If the above is true and you can only fit the 40KG anchor, that's what I would get.
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Old 25-03-2014, 16:30   #10
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Re: Which size and type of chain?

Chain rarely breaks, but 10mm G3, or G4 is on the light side for your sized boat. I would certainly regularly inspect it for corrosion and also elongation.

10mm G7 chain gives you quite a bit more reserve. It is difficult to get, but it will fit your gypsy (providing you get the same type of 10mm chain) and you will have no added weight. This would be my preferred option for your situation.

The alternative is 12mm G4 chain. This has considerable extra weight (and volume which will reduce your windlass drop distance) and you will need a new gypsy. With your boat the weight in the bow will not have a big impact, but check the windlass will cope with the load.

10mm G4 chain is about 2.2 kg/m with a working load of 1250kg
10mm G7 chain is about 2.2 kg/m with a working load of 2200kg
12mm G4 chain is about 3.8 kg/m with a working load of 2120kg

So 12 mm chain will add about 150kg (330lb)
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Old 26-03-2014, 14:28   #11
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Re: Which size and type of chain?

American, or Imperial, BBB, G3, G43 and G7 chain are all different sized links, G7 is 'similar; to G43 but still different. European chain is metric of 2 specifications ISO and Din (they are only different in link size in the 10mm sizing).

There are 2 anchor chain suppliers in America, their link sizes do vary, again check. 1st China, Defender and West Marine are all obvious sources but any lifting gear distributor will know more about chain (and how to get it) than any chandler.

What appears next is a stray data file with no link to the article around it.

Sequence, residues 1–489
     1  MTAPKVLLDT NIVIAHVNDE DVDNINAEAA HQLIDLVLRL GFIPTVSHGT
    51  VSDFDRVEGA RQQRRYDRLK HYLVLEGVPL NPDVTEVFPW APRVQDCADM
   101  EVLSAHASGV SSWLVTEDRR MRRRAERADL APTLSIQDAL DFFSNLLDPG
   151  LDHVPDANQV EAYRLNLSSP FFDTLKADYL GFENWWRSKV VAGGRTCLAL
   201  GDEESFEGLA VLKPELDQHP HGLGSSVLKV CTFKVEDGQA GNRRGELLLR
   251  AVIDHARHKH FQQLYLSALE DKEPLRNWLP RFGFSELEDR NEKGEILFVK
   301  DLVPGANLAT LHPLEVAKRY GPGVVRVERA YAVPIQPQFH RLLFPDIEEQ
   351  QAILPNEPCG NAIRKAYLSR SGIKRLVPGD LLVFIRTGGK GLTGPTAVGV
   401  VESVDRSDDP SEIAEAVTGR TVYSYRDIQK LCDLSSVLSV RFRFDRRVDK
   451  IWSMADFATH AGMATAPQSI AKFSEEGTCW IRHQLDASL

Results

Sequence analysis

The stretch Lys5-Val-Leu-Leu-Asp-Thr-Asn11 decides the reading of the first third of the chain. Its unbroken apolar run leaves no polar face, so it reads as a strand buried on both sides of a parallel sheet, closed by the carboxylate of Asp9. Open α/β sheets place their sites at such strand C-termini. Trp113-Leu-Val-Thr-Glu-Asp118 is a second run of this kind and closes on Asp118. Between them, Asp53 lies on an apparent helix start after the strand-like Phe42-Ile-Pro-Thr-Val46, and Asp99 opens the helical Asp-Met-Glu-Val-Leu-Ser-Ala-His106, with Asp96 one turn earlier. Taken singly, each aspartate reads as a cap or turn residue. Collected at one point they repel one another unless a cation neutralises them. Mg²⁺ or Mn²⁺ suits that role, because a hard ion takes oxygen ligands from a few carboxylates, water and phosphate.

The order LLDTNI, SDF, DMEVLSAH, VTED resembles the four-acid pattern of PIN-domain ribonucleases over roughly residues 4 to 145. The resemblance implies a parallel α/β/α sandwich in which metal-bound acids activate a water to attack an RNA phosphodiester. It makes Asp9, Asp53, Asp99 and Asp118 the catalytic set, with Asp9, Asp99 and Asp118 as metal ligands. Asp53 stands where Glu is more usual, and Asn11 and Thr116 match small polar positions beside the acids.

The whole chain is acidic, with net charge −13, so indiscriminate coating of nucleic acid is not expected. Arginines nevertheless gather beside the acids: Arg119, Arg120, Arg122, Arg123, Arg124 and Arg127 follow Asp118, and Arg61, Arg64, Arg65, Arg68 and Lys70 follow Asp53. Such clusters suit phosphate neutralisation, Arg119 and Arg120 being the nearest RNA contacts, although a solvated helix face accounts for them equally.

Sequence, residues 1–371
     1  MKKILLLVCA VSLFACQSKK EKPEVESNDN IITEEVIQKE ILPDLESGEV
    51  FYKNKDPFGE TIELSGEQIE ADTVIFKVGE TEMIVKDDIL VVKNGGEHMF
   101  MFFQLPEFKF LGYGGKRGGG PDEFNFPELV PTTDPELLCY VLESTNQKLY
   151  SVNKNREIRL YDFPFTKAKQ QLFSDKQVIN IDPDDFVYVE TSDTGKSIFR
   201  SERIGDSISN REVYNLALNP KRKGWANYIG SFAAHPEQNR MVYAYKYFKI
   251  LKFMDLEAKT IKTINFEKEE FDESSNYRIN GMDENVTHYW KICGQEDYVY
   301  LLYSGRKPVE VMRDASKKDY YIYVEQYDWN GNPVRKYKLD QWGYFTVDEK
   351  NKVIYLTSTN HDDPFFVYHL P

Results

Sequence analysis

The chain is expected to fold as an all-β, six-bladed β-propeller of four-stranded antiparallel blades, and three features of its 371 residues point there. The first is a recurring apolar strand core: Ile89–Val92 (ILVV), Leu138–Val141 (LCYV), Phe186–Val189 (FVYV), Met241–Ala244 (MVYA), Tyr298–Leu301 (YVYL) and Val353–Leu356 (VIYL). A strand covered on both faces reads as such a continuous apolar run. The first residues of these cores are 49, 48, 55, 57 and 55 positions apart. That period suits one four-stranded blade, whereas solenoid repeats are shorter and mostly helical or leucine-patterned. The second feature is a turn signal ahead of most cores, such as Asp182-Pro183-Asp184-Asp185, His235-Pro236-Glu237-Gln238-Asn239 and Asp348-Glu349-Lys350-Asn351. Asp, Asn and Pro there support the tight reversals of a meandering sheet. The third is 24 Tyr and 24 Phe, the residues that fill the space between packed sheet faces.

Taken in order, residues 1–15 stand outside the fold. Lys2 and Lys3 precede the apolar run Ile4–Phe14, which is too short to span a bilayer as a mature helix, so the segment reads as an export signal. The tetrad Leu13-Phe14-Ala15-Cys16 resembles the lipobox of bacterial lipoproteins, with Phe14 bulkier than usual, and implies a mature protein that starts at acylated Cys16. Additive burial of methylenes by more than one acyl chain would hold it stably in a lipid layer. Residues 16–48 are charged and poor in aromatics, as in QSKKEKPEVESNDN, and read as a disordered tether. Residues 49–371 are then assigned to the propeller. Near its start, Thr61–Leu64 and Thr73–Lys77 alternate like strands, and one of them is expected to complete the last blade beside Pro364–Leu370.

If you change chain type, say from BBB to G43, but stick to the same size it is very possible the new chain will not fit the gypsy that was compatible with the old chain. Check first, get a 1m length of the new chain and try it or take your gypsy when you buy the new chain. Its going to be expensive if you get it wrong.

Some, many, suppliers of Chinese chain are excellent (Peerless and CMP market Chinese chain) - just buy it from a reputable supplier. Some suppliers of Chinese chain are supplying rubbish. If the supplier is selling something 'unbranded' its for fencing not anchoring.

Why anyone thinks G7 chain is difficult to buy needs to check. Gal G7 chain is 'easy' to buy all you need is money but as you would normally buy a 'smaller' sized G7 link to a G3 or G43 link the price differences do level a bit. As you would then need a new gypsy the overall investment rises. You can buy it freely from West Marine who seem to have stores in every city in America, well almost (gal G7 is made specially for them), its branded as ACCO, to imperial sizes and from Maggi in Italy to metric sizes. Maggi deliver into the Caribbean and have a distributor in NZ who also covers Oz (Chains Ropes and Anchors - or on this forum GMac.). Maggi is freely available in Europe, in the UK Jimmy Green. There are no reports of any issues with G7 chain except that it should not be re-galvanised.

Jonathan
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Old 26-03-2014, 19:30   #12
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Re: Which size and type of chain?

Do not be beguiled, or misled (even) into thinking HT or G43 chain is ever so much better than G3 or BBB chain. Its Working Load Limit is based on a 3:1 safety factor (possibly because historically it was a Transport Chain) whereas G3 chain WLL is based on a 4:1 safety factor. There is not one iota of evidence to suggest G43 is any safer than G3 chain and you would be better looking at the min Break Strength for a true comparison. You will find that some G43 suppliers only quote WLL - I wonder why.

Another factor to consider is that sizes are nominal and that 5/16th inch chain of one quality might actually be slightly thinner that a 5/16th inch of another quality. The thicker wire size will give a better performance 9and heavier chain). So it merits checking the actual size specification rather than relying on the nominal size.

It merits emphasis that G3 or BBB chain, which has been for sale for a long, long time, has minimal reconrd of failure - which raises the question why the need to buy HT chain - of the same size? If BBB or G3 is perfectly safe - do people have too much money?